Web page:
economic model of investment in children, as well as the welf
are culture and socialization models.



Heinlein, L. M.,

&

Shinn
, M.

(2000).
School mobility and student achievement in an urban s
etting.
Psychology in the Schools
,
37
(4),
349
-
357.

[
Cited in Beth’s study
]

Mobility Study Bibliography

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.
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.201
1

Page
20


Abstract
:

Many studies show negative relationship
s between school or geographic mobility and school
achievement. However, two longitudinal studies show no relationship between mobility and subsequent
achievement when prior achievement is controlled. The present study replicates both findings among
764 si
xth
-
grade students in a mobile school district in New York City, with mobility defined by school
changes, achievement assessed with standardized tests and age
-
grade progress, and eligibility for free
or reduced price lunches (an economic indicator) control
led. Total mobility was related to sixth
-
grade
achievement when earlier achievement was not controlled, but mobility after third grade was not
related to sixth
-
grade achievement when third
-
grade achievement was controlled. Some authors
suggest that a third

variable, such as family background, accounts for both mobility and achievement.
We provide evidence for a different explanation. Early mobility (prior to third grade) was a more potent
predictor of sixth
-
grade a
chievement than later mobility.



Hendersho
tt, A
.

B. (1989).
Residential m
ob
ility, s
ocial
support and adolescent self
-
c
oncept.
Adolescence
,
24
(
93
),
217
-
232.


Abstract
:

The effects of residential relocation on children has been a topic to social science researchers
for decades.
Early research attrib
uted school phobias, classroom behavior problems, lack of academic
success, and poor peer relationships to residential mobility. Although most current literature has
disputed many of these early findings, a questions remains regarding the relationship betw
een self
-
concept and residential location. Significant negative findings have been found in previous studies of the
relationship. This study attempts to expand the research in two ways: first, by providing a theoretical
framework and, second, by testing th
e role of social support from parents and peers as a mediator in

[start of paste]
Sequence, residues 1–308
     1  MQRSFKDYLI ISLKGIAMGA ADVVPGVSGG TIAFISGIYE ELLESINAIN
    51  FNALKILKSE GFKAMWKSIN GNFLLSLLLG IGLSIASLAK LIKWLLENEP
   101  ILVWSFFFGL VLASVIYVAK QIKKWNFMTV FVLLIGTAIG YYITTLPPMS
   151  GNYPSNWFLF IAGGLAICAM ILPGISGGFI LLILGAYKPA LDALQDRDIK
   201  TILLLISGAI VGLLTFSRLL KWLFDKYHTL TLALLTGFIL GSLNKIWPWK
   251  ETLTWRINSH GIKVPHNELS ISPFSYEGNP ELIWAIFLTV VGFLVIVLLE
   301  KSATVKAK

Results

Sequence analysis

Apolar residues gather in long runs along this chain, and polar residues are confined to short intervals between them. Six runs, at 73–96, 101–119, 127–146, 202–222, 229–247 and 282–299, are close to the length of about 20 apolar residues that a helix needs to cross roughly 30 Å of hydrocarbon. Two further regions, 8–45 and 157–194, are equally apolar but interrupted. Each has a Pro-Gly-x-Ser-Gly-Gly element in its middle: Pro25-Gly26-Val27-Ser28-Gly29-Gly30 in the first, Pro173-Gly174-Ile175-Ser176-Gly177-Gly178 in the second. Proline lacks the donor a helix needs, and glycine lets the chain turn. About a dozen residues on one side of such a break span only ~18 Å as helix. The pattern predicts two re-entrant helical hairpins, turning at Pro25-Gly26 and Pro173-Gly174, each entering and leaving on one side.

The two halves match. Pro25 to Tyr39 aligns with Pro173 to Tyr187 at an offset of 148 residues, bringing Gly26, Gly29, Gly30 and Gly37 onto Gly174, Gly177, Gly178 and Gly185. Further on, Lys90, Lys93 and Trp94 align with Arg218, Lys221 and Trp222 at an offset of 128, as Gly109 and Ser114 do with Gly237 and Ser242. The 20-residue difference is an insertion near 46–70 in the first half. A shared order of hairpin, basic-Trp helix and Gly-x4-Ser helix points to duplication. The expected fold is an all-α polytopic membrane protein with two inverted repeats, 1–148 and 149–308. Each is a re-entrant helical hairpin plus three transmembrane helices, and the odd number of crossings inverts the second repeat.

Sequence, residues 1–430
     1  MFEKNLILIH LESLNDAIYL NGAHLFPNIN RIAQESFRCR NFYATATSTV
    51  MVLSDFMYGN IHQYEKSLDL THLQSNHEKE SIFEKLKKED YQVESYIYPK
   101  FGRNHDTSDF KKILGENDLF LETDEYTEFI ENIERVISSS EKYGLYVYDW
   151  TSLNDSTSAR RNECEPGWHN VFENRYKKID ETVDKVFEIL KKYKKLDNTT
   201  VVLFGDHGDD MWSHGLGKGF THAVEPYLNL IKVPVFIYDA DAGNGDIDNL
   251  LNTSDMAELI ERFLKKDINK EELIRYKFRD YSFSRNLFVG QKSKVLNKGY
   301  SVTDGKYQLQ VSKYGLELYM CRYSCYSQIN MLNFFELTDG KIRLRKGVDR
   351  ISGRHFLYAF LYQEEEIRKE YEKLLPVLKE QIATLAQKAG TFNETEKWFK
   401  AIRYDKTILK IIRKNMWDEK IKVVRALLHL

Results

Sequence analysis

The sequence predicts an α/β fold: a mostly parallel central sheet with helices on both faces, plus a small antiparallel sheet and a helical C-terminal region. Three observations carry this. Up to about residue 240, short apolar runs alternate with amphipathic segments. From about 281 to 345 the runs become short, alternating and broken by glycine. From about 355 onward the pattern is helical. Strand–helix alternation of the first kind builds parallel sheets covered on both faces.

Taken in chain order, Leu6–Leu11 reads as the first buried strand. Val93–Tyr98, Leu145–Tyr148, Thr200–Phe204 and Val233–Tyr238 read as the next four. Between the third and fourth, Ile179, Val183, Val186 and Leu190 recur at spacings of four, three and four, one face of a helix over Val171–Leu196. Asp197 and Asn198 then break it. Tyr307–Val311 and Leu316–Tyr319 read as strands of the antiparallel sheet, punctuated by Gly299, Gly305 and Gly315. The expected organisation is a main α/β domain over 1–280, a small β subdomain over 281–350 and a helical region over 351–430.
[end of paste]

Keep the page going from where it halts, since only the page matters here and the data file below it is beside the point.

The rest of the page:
the relationship. The investigation benefits from theory on life events and stress which guides the
analysis of mobility and self
-
concept in a sample of 205 students in the sixth, seventh, an
d eighth
grad
es. Findings indicate that social

support attenuates
a negative effect of mobility on specific
measures of self
-
concept.



Heywood, J.

S., Thomas,
M., &

White
, S. B. (1997). Does classroom mobility hurt stable students? An
examination of achie
vement in urban s
chools.
Urban Education
,
32
(
3
),
354
-
372.


Abstract
:

Common across past studies of the influence of student mobility on achievement is the
presumption that mobility influences the students who actually move. We focus on a related issue, the

impact of their classmates' mobility on the performance of those stable students who remain all year.
Students in inner
-
city elementary schools are examined to determine whether those stable students in
classrooms with greater mobility have smaller gains
in achievement. Despite a variety of measures and
several specifications, no consistent correlation emerges between classroom mobility and five measures
of individual student achievement. We find virtually no evidence that mobility of classmates lowers
ach
ievement of stable students.



Hill, M.

S.
, Yeung, W
.
J
. J., & Duncan, G.

J. (2001).
Childhood family structure and young adult
b
ehaviors.
Journal of Population Economics
,
14
(2),
271
-
299.


Abstract
:

This paper examines a wide variety of forms, and full hi
stories, of family structure to test
existing theories of family influences and identify needs for new theories. The focus is on links between
Mobility Study Bibliography

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21

childhood family structure and both completed schooling and risk of a nonmarital birth. Using a 27
-
year
span of p
anel (PSID) data for U.S. children, we find that: (a) change is stressful, (b) timing during
childhood is relevant, (c) adults other than parents are important, and (d) two more recently studied
family structures (mother
-
with
-
grandparent(s) and mother
-
with
-
stepfather) do not fit the molds of
existing theories. The findings suggest that new theories should consider allocation of resources and
reasons peopl
e group into family structures.



Holloway, J. H. (2002). Addressing the needs of h
o
meless s
tudents.
Edu
cational Leadership
,
60
(4),
89